Symptoms And Symptoms Of A Fever Of Salem, By Laurie Winn Carlson

966 WordsApr 7, 20164 Pages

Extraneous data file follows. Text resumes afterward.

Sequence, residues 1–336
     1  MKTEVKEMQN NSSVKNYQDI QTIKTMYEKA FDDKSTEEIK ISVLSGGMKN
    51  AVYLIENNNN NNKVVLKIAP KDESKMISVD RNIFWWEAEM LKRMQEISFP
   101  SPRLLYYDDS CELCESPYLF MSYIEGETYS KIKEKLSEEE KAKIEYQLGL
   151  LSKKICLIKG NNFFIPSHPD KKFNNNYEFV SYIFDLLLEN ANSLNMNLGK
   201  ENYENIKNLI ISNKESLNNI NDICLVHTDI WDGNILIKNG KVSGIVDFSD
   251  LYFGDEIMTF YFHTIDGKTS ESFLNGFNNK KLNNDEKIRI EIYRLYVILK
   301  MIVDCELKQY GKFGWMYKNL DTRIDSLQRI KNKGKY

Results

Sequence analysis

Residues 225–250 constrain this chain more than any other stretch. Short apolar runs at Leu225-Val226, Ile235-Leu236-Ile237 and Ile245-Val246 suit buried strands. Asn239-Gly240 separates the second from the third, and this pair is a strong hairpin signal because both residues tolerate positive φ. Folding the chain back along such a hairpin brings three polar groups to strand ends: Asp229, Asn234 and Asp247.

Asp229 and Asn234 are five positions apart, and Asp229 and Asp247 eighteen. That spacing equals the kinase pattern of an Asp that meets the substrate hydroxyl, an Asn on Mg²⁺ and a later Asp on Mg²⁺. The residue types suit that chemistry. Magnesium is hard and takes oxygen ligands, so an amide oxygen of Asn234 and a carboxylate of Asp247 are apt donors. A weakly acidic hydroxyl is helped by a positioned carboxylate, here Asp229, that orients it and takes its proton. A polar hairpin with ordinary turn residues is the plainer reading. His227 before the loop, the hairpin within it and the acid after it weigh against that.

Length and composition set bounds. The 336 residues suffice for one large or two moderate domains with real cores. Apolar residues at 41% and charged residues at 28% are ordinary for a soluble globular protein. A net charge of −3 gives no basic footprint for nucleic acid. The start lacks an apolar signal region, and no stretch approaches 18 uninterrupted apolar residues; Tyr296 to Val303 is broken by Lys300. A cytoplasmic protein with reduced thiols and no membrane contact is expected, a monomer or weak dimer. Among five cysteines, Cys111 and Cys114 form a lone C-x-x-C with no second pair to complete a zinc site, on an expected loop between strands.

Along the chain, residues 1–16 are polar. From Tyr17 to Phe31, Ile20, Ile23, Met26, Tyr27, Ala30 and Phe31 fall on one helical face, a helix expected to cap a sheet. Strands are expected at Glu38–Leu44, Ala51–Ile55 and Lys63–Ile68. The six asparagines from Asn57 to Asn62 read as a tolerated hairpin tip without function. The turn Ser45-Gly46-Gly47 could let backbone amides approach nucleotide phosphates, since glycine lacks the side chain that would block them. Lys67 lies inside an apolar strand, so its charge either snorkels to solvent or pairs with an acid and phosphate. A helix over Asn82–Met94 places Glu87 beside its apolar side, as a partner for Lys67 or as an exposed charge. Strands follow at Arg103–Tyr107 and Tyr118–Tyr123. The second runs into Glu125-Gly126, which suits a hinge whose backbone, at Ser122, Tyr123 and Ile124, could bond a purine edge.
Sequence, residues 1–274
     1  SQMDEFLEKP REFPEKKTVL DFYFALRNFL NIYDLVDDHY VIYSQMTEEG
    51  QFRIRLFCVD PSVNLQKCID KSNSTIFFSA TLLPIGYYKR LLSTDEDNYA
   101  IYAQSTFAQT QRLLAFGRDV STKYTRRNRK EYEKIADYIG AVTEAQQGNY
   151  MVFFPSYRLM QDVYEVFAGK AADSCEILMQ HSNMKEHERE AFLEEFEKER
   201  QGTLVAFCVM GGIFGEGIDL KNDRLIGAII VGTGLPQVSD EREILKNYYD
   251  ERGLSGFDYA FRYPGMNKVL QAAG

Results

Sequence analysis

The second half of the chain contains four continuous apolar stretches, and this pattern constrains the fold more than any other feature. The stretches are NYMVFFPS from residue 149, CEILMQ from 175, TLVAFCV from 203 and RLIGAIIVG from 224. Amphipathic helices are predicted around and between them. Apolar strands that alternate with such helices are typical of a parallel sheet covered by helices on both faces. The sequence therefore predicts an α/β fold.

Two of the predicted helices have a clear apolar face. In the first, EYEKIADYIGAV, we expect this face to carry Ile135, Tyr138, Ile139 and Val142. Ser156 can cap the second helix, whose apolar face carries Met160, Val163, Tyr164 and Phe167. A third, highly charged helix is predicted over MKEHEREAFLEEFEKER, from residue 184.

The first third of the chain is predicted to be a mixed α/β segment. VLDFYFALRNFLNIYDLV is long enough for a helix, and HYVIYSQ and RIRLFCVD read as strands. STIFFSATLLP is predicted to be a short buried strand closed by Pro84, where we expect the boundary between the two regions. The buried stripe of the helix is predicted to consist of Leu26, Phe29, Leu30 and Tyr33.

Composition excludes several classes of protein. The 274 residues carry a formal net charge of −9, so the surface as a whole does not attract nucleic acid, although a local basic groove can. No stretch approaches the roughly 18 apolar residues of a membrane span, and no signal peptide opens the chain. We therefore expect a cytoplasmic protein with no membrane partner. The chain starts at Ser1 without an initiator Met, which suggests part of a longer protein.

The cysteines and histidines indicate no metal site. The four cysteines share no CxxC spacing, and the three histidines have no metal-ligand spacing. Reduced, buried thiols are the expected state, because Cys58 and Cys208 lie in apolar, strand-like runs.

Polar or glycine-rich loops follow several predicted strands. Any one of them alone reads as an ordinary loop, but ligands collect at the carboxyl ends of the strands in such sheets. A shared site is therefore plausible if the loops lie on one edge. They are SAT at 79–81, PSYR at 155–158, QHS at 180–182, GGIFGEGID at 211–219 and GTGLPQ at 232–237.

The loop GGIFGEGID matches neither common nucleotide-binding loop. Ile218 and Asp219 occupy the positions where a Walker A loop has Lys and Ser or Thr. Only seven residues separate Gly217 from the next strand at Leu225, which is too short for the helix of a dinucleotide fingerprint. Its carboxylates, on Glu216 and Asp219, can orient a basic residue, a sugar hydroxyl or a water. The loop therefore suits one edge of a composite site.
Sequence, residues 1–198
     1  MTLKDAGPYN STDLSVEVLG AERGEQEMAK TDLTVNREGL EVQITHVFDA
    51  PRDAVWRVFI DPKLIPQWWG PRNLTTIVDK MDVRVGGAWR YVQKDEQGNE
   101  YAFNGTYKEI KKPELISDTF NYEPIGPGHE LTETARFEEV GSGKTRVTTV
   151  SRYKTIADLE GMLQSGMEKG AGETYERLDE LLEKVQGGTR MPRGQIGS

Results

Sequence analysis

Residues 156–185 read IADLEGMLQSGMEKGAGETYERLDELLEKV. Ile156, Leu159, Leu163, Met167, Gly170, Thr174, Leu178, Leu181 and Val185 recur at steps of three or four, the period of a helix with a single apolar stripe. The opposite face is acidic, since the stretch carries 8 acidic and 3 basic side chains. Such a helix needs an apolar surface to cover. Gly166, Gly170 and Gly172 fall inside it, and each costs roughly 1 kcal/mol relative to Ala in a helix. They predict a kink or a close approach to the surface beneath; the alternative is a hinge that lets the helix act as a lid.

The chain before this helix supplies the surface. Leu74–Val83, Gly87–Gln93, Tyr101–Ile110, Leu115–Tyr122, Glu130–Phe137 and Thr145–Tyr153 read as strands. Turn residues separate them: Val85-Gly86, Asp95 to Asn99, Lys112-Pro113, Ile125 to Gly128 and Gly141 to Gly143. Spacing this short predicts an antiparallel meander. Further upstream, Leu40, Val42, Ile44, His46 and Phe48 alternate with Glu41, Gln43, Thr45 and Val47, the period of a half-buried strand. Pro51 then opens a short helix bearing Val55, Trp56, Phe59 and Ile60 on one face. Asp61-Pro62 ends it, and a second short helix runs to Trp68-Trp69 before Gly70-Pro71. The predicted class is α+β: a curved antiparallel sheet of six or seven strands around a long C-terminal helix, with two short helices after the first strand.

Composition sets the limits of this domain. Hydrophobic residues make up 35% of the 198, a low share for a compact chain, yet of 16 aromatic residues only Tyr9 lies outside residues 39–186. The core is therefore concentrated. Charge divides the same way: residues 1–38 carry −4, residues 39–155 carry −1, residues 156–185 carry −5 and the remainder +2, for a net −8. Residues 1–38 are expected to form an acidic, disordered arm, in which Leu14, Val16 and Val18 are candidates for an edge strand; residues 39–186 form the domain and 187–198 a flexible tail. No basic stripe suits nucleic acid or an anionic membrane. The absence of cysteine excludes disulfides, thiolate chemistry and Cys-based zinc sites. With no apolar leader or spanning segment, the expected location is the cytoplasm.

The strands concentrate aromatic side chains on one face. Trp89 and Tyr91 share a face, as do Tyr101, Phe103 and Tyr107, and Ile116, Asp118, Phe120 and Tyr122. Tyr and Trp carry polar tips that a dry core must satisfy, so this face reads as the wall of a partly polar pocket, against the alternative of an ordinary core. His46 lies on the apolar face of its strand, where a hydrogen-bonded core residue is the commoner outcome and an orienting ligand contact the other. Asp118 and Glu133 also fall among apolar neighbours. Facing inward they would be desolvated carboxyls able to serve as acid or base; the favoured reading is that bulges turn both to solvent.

afflicted were experiencing these symptoms due to bewitchment, but there may be other explanations. For instance, Laurie Winn Carlson wrote a book, A fever in Salem, and argued that the girls may be haven suffering from Encephalitis Lethargica. This is an inflammation of the brain spread by insects and birds. The symptoms of this illness include behavior changes, tremors, neck rigidity and abnormal eye movements. Carlson goes on to say that a doctor had been called in to see the girls and was unable to find a physical cause of their symptoms, and so he concluded that they suffered from possession by witchcraft. This was a common diagnosis of undefined conditions at the time (Saxon). A second explanation for their symptoms could be the fungi, ergot, which affected the grains in the town of Salem. Science Magazine published a study in 1976 that concluded that ergot may have been to blame for the victim’s behavior. Ergot is commonly found in rye and wheat and may cause symptoms such as delusions, vomiting, and muscle spasms (History). Rye was the most common grain found in Massachusetts in 1962, the combination of damp climate as well as the long storage period could have caused the fungus to grow on the grains which the afflicted would eat (Saxon) . The symptoms could also have been brought on by mental stress, as the citizens of Salem were undergoing so many things in such a short amount of time. Historian Chadwick Hansen claims that the symptoms of hysteria are incredibly

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